5. Eating has apparent rewarding and also relaxing effects. It represents an important pathway to achieve wellbeing and stress relief and eating or overeating for self-soothing is very common. If I make this suggestion, I generally provide psychoeducation and determine boundaries as guidance. Mostly, the suggestion is framed in a mindfulness promoting way. Like savoring their favorite piece of chocolate, for example. Additionally, eating foods that contain tryptophan such as eggs, chicken, turkey, bananas, yogurt, whole grain rice and quinoa, sesame seeds, cashews, walnuts, salmon, spirulina, potatoes, beans and legumes. Dark chocolate has also been known to increase dopamine and oxytocin.

  6. Exercise is a great way to increase neurotransmitters. Whether it is at the gym or on a sports team, vasopressin and oxytocin are released in the plasma during exercise.

  7. Massage is a great way to get oxytocin. Oxytocin can be released by various types of sensory stimulation, for example by touch and warmth. Bloodstream levels of oxytocin have been shown to rise during massage. Clients can also self-massage.

  8. Intranasal administration of oxytocin causes a substantial increase oxytocin. It can be purchased online and possibly in health stores but recommendations cannot be made in this forum as to amount and frequency. It is a good idea to recommend the client speak to a doctor.

  9. Talking to mom or a loved one is also a way to get oxytocin even if it is just on the phone. Only, however, if the person is a loving and supportive connection.

  10. Singing or playing an instrument. The tactile and visceral experience can raise oxytocin levels in addition to other peptides.  Listening to music can create this response as well.

  11. Travel, even alone. This can foster passive connection with others who are also traveling and can raise oxytocin. It is also more likely when you travel alone that you are forced to interact with others.

  12. People watching is a great way to trick the brain into releasing oxytocin.  I suggest clients try to guess the story of others. If the situation organically arises, I invite clients to practice social skills.  Occasionally, social skills are lacking in clients that are isolated.

  13. Reduce misconceptions of society. Your client might isolate because they see the world and other people as dangerous. Reframing distrust of society may help the client to feel less disconnected and alone and feel reconnected with society.

  14. Bumble, where best friends meet online. Suggesting this in the context of being alone is to suggest that the act of seeking others to connect with might trick the brain into releasing oxytocin. As an added benefit, it also increases the possibility of connecting with someone online or in person.

  15. Crying for long periods of time releases oxytocin and endogenous opioids, otherwise known as endorphins. These can help ease both physical and emotional pain.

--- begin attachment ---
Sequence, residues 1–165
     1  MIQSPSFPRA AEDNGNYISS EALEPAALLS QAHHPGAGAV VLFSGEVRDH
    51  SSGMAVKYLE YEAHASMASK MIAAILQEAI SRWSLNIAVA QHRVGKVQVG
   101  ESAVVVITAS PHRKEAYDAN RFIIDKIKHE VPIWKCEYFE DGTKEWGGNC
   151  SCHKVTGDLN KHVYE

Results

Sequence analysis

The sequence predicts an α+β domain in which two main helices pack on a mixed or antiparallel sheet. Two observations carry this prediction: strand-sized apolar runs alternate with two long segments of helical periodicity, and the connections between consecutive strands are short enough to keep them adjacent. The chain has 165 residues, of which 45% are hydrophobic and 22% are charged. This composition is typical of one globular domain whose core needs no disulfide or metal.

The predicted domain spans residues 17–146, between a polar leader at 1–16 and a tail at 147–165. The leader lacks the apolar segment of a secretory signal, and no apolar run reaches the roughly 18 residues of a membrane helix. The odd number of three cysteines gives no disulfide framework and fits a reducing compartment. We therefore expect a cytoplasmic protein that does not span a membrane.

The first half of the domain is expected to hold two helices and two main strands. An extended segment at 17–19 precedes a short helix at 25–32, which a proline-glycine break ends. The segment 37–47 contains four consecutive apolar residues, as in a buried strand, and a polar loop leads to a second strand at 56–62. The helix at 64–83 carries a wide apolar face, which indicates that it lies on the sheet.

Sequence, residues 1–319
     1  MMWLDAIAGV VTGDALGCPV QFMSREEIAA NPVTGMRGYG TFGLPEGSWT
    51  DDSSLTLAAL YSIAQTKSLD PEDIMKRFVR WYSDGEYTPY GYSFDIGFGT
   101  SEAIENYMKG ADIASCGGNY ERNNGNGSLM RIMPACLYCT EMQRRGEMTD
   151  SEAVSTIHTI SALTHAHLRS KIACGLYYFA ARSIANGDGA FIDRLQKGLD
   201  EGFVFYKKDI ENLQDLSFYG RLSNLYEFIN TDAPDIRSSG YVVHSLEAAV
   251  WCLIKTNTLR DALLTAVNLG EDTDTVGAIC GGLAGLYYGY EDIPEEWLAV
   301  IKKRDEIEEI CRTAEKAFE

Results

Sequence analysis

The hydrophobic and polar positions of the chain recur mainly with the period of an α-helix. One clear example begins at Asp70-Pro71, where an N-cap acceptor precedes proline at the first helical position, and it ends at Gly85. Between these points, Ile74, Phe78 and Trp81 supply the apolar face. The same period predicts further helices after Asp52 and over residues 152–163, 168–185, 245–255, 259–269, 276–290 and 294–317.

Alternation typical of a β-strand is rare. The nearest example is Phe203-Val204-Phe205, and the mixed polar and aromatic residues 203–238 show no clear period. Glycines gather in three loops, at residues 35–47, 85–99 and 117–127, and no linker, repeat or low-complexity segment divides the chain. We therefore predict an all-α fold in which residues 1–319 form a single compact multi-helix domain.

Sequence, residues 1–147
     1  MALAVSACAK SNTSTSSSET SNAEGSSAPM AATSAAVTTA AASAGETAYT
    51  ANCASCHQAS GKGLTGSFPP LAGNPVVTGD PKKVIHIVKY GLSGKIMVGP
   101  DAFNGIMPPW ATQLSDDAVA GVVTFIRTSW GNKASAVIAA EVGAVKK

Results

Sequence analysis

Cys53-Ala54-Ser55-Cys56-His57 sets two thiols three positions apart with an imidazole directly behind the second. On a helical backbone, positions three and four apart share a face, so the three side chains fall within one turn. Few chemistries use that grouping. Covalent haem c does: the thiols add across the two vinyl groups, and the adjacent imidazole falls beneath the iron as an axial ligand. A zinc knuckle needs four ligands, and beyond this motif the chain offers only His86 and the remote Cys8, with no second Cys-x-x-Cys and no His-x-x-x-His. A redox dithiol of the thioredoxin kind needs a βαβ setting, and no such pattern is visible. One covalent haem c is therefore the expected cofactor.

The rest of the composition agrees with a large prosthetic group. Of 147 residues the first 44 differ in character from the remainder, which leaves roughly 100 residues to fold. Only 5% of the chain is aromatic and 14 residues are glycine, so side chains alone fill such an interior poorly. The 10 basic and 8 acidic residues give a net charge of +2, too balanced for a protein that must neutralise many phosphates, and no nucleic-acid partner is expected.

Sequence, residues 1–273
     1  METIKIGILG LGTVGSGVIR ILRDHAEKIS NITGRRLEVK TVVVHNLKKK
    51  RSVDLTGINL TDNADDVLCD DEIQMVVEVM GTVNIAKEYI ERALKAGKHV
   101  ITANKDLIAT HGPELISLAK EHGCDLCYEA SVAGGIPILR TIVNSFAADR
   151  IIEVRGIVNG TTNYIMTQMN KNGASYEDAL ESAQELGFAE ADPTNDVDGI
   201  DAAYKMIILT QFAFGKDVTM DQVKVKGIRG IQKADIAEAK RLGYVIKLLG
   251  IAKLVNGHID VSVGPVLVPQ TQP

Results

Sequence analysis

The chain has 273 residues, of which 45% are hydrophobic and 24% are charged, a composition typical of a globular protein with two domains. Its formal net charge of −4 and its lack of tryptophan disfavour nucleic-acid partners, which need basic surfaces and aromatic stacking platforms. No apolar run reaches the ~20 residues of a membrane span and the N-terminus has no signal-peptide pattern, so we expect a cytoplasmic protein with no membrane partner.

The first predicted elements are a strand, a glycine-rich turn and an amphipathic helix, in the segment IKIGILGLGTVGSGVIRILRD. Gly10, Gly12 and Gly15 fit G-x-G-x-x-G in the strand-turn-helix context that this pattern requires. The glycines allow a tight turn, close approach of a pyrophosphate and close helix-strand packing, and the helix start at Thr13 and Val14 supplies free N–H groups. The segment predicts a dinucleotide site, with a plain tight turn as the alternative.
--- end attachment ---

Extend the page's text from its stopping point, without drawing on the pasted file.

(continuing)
16. Looking at pictures of loved ones and recalling memories. When the memory of an oxytocin-producing event is repeatedly brought to mind, oxytocin is produced and fear systems are depressed. This means reduced anxiety for example.

  17. Vitamin B supplements take care of your brain’s health. They also support the promotion of dopamine and oxytocin levels. 

So whether your clients are meditating, dancing, sinking in the warm bath water or hot tub, going on a lone quest, watching a comedy, snuggling with a pet, playing an instrument, crying or any number of things mentioned here, the client is letting their body know that it is loved and taken care of. Translation, oxytocin production in one form or another can act as a buffer for isolation.


Guest post written by Marsha Evans, MA, LPC

Guest post written by Marsha Evans, MA, LPC

Marsha Evans, MA, LPC is a licensed professional counselor in Denver who has a medical and science background that led her into the psychology field. Her Master’s degree in Counseling Psychology was earned in 2012 from the University of Denver. She currently has 2 private practice locations with 4 independent contractors. Marsha works mostly with adults, but has worked with teens in the past.  She uses an eclectic mix of interventions both in-person and online with clients and specialties include mental/medical comorbidity, LGBT, trauma, and anxiety. Please check out her website at www.evanscounselingdenver.com

The Power of Ritual in Healing

IMG_2793.JPG

As a long-time bereavement counselor I have had the privilege of working alongside clients whose grieving is both complicated and intense. Even as we together tease out the knots and kinks that make relationships tangled and messy, we also focus on the beauty, the memories, and the pain. Whether it is the individual flow of mourning or grief that is heightened by society’s focus on anniversaries or holidays, using rituals and ceremonies to move through the grief is something I encourage all therapists – and clients – to be open to.